Our mission is to promote knowledge of and interest in bonsai and to serve as a focal point for bonsai fanciers in and around the Fort Worth area. We provide a variety of educational and support services to the bonsai community. The Officers and Directors of FWBS are unpaid volunteers who are dedicated to spreading the word about this wonderful, satisfying and challenging hobby. This blog is home grown by our very own webmaster and different than most blogs you may be accustomed to seeing and using. Your comments, positive or negative are encouraged and always welcome.

Fortworth Bonsai Society Blog

Botanic Gardens - Fortworth, Texas


May. 12, 2021 @

There are some people who live in a dream world, and there are some who face reality; and then there are those who turn one into the other.
Author: Douglas Everett

September Bonsai

Posted in Bonsai by admin on Sep. 01, 2020 - Comments: 0
There is no way you can rely on the calendar to plan what you need to do for your bonsai. In April, May & June this year I probably had three days total that all my trees needed watering. And only a few more that they really needed to be checked. Then from July 5 to August 24 (7+weeks) there was not a drop of rain and a lot of temps above 100. You just have to know what needs to be done and then do it.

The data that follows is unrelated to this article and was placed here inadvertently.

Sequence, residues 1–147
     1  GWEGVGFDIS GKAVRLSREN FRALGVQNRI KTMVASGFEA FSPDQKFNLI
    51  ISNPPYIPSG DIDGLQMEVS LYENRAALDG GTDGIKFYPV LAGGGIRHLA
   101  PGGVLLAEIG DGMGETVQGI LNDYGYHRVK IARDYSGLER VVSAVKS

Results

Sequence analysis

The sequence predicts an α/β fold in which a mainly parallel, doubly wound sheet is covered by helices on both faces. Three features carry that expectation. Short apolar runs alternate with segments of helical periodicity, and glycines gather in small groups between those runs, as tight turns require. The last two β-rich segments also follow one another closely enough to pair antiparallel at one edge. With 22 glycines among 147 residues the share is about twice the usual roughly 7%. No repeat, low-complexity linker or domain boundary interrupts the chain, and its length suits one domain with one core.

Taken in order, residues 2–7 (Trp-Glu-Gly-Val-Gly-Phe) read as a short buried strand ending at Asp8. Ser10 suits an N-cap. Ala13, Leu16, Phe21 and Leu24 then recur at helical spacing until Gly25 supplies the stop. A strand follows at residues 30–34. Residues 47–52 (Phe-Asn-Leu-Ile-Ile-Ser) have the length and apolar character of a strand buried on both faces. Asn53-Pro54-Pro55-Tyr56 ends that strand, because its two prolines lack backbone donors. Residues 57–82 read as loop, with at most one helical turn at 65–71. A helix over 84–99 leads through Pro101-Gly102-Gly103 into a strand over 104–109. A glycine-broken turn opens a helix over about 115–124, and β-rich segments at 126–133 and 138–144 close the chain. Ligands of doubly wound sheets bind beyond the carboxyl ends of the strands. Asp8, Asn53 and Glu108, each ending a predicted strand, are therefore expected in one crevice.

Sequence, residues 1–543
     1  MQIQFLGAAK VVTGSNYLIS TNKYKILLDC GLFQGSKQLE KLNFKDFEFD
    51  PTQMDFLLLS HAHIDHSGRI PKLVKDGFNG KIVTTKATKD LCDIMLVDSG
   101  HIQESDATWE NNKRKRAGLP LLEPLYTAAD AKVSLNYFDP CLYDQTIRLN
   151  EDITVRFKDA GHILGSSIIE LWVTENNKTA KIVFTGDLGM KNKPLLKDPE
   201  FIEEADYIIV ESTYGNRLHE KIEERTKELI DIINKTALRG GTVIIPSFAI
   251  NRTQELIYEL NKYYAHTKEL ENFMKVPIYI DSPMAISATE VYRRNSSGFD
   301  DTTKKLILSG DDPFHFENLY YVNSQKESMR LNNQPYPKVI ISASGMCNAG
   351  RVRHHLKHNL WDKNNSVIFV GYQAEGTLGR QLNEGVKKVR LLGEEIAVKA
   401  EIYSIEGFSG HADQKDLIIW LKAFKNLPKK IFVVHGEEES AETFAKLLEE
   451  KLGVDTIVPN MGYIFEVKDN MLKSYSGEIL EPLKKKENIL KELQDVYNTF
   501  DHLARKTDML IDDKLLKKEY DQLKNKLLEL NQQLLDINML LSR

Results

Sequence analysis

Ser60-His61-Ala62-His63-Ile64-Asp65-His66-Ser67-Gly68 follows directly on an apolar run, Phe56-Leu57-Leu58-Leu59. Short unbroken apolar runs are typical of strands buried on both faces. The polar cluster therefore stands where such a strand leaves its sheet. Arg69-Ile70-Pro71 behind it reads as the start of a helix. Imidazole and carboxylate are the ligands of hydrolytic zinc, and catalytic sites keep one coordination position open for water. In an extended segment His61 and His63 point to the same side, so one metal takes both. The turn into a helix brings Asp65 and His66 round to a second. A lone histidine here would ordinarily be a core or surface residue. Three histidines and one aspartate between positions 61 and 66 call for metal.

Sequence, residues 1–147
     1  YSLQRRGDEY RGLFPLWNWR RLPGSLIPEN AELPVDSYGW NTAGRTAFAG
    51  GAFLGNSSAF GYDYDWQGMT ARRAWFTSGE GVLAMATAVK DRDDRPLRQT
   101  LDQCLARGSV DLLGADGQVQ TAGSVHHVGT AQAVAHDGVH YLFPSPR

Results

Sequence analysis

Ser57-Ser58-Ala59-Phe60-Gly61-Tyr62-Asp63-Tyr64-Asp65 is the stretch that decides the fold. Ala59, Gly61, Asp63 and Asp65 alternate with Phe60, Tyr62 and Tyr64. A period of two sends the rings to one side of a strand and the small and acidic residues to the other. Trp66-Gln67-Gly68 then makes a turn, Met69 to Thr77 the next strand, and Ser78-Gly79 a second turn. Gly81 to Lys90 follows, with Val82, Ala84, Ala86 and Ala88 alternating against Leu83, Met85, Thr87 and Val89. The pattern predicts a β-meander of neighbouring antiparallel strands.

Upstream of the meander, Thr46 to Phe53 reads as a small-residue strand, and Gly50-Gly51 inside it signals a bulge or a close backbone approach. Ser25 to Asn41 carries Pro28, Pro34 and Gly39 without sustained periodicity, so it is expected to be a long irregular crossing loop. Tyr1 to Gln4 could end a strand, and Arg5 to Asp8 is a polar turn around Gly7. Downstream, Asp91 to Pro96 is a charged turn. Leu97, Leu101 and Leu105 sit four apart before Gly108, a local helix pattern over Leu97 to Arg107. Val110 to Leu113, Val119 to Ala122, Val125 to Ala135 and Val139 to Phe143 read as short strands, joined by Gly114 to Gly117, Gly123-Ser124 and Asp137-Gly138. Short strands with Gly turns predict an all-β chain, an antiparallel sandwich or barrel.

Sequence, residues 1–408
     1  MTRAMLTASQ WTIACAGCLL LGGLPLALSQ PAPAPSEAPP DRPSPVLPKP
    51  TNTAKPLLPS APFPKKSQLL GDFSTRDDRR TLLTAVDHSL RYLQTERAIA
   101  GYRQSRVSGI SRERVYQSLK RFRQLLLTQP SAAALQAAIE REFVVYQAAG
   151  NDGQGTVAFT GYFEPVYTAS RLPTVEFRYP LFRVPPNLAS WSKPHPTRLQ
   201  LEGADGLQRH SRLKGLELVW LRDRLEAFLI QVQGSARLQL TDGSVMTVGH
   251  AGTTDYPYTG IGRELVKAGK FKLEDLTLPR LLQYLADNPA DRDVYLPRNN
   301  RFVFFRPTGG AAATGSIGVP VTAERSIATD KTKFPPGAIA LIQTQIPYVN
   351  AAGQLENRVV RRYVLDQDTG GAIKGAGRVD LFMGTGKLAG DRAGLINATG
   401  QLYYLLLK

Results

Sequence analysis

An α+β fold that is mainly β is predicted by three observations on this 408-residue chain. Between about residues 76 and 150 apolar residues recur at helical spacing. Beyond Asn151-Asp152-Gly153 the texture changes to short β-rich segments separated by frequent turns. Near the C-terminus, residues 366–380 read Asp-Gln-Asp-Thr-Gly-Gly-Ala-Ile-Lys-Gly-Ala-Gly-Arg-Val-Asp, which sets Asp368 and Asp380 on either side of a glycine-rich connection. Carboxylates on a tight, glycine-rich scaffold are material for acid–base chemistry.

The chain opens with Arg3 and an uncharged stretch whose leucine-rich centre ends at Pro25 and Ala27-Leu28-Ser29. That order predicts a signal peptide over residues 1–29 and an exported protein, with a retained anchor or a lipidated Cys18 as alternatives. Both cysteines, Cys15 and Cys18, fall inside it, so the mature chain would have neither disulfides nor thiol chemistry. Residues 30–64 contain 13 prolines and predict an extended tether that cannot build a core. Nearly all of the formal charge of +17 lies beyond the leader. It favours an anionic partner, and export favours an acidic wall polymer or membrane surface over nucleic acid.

When it rains days on end, tilt the pots to aid drainage and to make sure they are not clogged up. When it is hot and dry, maybe water 2 to 3 times a day and protect plants and especially the pot from direct sun.

It is probably not late enough for the bonsai to go into their pre-dormancy slow down period. If they are still growing, continue twig pruning and other summer care. If air layers have developed roots they may be separated and potted.

In Sept and Oct there will still be some days with pretty hot temps. So as the sun changes its angle make sure that the pots do not get too hot in the late afternoon sun. Also watering now becomes harder. As trees slow their growth they do not take as much water. Neither will they transpire as much on the cooler days. So check each one separately and water as often and as much as the individual tree requires.

Check the trees you still have wire on. When the cooler days get here some trees will expand their branches and get wire cuts rather quickly. You need to check them periodically over the winter also. Cut the wire off. You can easily break the branches trying to unwrap the wire and it's just not worth trying to save the wire. Work from the outside end of the wire back so that you do not overlook a small piece of wire. If you have trouble seeing each twist of the wire don't cut, just unwrap the wire (with care). If you miss a turn of the wire you will make an unsightly bulge and the limb will probably have to be cut off. If you need to reapply some wire take care to not follow the same path.